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How can I get the content in between "{ }" in Ruby? For example,

I love {you}

How can I fetch the element "you"? If I want to replace the content, say change "you" to "her", how should I do that? Probably using gsub?

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5 Answers

up vote 1 down vote accepted

Regular expressions are the way to go with gsub. Something like:

existingString.gsub(/\{(.*?)\}/) { "her" }
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replacements = {
  'you' => 'her',
  'angels' => 'demons',
  'ice cream' => 'puppies',
}

my_string = "I love {you}.\nYour voice is like {angels} singing.\nI would love to eat {ice cream} with you sometime!"

replacements.each do |source, replacement|
  my_string.gsub! "{#{source}}", replacement
end

puts my_string
# => I love her.
# => Your voice is like demons singing.
# => I would love to eat puppies with you sometime!
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This is the only generic solution. +1! –  Linuxios Aug 14 '12 at 0:31
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The simple way to get the content from the inside of the {...} is:

str = 'I love {you}'
str[/{(.+)}/, 1] # => "you"

That basically says, "grab everything inside a leading { to a trailing }. It's not real sophisticated and can be fooled by nested {} pairs.

Replacing the target string can be done various ways:

replace_str = 'her'
'I love {you}'.sub('you', replace_str) # => "I love {her}"

A simple sub will replace the first occurrence of the target string with the replacement text.

You could use a regex instead of the string:

'I love you {you}'.sub(/you/, replace_str) # => "I love her {you}"

If there are multiple occurrences of the target string then use a bit more text to locate it. This uses the wrapping delimiters to locate it, and then replaces them also. There are other ways to do this, but I'd do it like:

'I love you {you}'.sub(/{.+}/, "{#{ replace_str }}") # => "I love you {her}"

Alex Wayne's answer came close but didn't go all the way: Ruby's gsub has a really nice feature, where you can pass it a regex and a hash, and it will replace all the occurrences of the regex matches with the values in the hash:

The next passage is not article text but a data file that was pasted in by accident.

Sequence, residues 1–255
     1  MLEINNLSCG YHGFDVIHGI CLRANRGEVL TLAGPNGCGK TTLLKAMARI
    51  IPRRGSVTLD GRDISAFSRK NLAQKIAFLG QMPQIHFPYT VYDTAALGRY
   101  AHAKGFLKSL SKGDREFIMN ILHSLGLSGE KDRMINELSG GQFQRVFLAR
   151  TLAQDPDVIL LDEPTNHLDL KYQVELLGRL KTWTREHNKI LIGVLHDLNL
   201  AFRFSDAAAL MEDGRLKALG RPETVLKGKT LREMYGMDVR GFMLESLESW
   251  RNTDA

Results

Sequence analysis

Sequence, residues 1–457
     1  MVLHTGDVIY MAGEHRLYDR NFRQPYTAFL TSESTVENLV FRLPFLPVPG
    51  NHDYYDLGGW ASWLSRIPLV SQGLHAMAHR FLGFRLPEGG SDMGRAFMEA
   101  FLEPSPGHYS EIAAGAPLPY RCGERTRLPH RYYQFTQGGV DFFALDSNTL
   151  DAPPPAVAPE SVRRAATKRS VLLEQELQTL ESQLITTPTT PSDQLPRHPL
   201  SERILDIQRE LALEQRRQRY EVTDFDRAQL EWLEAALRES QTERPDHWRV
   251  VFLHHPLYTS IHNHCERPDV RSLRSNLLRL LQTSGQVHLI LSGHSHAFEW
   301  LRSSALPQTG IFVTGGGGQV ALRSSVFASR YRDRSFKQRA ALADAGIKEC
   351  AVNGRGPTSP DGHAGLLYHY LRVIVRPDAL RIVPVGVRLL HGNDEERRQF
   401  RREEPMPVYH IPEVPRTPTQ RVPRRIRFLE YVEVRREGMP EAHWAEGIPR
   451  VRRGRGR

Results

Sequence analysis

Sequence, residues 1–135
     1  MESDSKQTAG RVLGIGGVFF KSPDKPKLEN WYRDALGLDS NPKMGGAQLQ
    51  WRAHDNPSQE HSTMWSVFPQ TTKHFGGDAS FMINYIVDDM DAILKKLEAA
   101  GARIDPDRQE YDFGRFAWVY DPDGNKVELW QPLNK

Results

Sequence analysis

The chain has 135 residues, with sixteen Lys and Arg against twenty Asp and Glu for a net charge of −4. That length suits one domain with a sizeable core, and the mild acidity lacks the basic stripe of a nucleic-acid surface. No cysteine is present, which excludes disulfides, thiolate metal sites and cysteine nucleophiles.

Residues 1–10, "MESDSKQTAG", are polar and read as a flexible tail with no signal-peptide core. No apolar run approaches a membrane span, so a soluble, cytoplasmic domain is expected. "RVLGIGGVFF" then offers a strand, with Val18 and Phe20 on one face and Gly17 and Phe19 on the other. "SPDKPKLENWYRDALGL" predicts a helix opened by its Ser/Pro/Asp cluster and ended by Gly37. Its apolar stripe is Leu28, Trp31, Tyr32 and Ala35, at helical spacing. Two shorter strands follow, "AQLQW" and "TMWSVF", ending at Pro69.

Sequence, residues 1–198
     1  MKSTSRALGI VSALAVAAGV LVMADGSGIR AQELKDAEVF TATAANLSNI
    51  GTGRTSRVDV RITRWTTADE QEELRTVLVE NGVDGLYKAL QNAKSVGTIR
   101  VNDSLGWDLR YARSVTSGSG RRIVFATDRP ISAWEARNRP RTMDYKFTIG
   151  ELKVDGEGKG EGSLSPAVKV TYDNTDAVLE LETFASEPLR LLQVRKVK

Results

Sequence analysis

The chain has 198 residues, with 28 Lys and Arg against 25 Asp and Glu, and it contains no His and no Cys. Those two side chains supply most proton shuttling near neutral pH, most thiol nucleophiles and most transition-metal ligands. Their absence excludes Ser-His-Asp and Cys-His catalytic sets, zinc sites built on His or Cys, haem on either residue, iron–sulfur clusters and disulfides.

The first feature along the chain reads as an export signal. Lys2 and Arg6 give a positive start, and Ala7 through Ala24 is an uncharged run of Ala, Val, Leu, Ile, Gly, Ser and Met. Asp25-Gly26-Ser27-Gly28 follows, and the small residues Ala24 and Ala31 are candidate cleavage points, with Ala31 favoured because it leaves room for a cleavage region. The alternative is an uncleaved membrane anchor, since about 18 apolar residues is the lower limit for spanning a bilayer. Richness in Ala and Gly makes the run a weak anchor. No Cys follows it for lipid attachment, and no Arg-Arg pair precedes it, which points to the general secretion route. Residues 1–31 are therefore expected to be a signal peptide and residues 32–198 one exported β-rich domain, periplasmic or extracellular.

hash = {
  'I' => 'She',
  'love' => 'loves',
  'you' => 'me'
}
str.gsub(Regexp.union(hash.keys), hash) # => "She loves {me}"

That's really powerful when you want to take a template and quickly replace all the placeholders in it.

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why not use some template engine like: https://github.com/defunkt/mustache

note that ruby can do this for %{}:

"foo = %{foo}" % { :foo => 'bar' }
#=> "foo = bar"

and finally do not forget to check existing ruby template engines - do not reinvent the wheel!

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The OP wants to get the content of something between curly braces and optionally change it. How does that relate to templating in the OP's question? –  the Tin Man Aug 14 '12 at 3:00
    
call it how you want but that's a template => en.wikipedia.org/wiki/Template –  mpapis Aug 14 '12 at 5:01
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You can always use .index:

a = 'I love {bill gates}'
a[a.index('{')+1..a.index('}')-1]

The last line just says get 'a' from right after the first occurrence of '{' and right before the first occurrence of '}'. It is important to note, however, that this will only get the text between the first occurrences of {}. So it will work for your above example.

I would use indexing also to add something new between the {}s.

That would look something like:

a[0..a.index('{')] + 'Steve Jobs' + a[a.index('}')..-1]

Again this only works for the first occurrence of '{' and '}'.

Michael G.

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